The problem is that schools are slow to change. Students still sit behind desks organized in rows; teachers still stand at the front of the class. New terms polish up old practices, the latest apps and tech tools will be downloaded and purchased, consultants will be extolled and TED Talk videos will be played ad nauseum at staff meetings everywhere.

The focus of the education system has shifted toward a standardized curriculum – where teachers teach from the same curriculum, mark to the same standards, use the same texts and share tests and quizzes. A one-size-fits-all approach to learning in the 21st century! As it stands, the system is more focused on conformity than it is encouraging diversity, more focused on test scores than encouraging critical-thinking skills. At a time where the old definitions of gender, sexual identity, work, marriage, ethnicity and family makeup have disintegrated, schools are struggling to keep up. In July, the Ontario government rolled back the sex-ed curriculum by 20 years, despite protests from educators, social workers, health experts and parents.

To top it off, graduation rates are at an all-time high. In many ways, it has become easier for kids to graduate than ever before. I’m more concerned with the quality of a graduate then the overall number of graduates. I heard one administrator admit: “Our job is to get them out of here. They’ll figure out the rest once they’re gone.”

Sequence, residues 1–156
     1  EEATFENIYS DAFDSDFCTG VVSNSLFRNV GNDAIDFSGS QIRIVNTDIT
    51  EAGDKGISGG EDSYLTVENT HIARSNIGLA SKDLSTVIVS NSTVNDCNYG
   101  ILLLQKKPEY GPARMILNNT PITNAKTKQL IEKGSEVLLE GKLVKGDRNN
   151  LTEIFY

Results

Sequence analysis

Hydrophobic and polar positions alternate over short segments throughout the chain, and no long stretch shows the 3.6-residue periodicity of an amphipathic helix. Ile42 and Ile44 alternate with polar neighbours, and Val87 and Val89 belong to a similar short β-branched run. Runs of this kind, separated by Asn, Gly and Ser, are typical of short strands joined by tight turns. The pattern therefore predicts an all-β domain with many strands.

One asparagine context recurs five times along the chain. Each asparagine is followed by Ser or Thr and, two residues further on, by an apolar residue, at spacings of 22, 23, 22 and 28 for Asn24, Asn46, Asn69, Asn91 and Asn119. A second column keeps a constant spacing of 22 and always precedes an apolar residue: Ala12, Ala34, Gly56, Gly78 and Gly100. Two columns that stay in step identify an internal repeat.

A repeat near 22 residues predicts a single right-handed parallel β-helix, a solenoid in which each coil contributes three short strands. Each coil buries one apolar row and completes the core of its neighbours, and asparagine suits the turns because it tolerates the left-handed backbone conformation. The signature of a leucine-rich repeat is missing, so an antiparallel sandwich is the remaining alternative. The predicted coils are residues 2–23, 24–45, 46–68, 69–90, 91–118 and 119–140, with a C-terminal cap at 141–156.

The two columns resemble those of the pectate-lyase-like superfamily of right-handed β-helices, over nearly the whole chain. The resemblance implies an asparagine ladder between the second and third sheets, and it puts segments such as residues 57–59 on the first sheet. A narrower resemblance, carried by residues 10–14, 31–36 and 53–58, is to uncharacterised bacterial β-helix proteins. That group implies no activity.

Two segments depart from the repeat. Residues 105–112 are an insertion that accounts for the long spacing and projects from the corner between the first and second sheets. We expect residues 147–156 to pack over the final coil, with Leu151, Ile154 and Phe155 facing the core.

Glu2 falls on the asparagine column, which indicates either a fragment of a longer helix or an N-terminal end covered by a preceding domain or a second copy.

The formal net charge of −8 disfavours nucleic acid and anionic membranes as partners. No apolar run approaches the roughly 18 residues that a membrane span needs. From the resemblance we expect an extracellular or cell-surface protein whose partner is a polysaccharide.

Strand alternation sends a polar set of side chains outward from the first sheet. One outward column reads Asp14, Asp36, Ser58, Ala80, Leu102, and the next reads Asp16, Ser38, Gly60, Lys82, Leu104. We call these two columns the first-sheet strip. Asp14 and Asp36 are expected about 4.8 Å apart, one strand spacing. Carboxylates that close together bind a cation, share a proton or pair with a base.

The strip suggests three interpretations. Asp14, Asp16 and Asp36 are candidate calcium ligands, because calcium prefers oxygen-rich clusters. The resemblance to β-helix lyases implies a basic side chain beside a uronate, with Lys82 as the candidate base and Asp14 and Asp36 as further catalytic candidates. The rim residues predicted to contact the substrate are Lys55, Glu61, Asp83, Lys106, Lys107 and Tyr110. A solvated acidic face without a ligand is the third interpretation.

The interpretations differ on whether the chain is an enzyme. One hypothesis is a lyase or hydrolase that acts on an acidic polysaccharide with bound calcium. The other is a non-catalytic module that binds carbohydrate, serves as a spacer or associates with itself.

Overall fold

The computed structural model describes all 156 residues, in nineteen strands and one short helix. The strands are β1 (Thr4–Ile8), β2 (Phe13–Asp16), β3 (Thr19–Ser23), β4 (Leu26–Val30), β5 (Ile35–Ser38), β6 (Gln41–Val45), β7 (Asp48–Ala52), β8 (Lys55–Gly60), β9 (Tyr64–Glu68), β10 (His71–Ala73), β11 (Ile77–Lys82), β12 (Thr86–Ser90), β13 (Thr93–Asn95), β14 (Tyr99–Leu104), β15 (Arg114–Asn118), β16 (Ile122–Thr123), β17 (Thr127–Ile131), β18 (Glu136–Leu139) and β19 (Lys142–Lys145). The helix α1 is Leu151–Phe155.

My son doesn’t need to learn what I learned. The world doesn’t need another me. The world he will graduate into looks nothing like the one I did. We need a new set of thinking skills for a new world.

I should be excited for my son. I am.

I shouldn’t be anxious for my son. I am.

I’m halfway through my tenure as a teacher and I’m beginning to ask: Am I doing enough? Are we doing enough? If the graduating classes of 1973, 1984, 2001 and 2004 haven’t quite figured things out, what makes me think the class of 2029 will? Perhaps my son’s cohort will prove me wrong. Our future depends on it.

“Daddy, when I grow up I want to be just like you! Can you put me down now?”

Anthony Carnovale lives in Orangeville, Ont.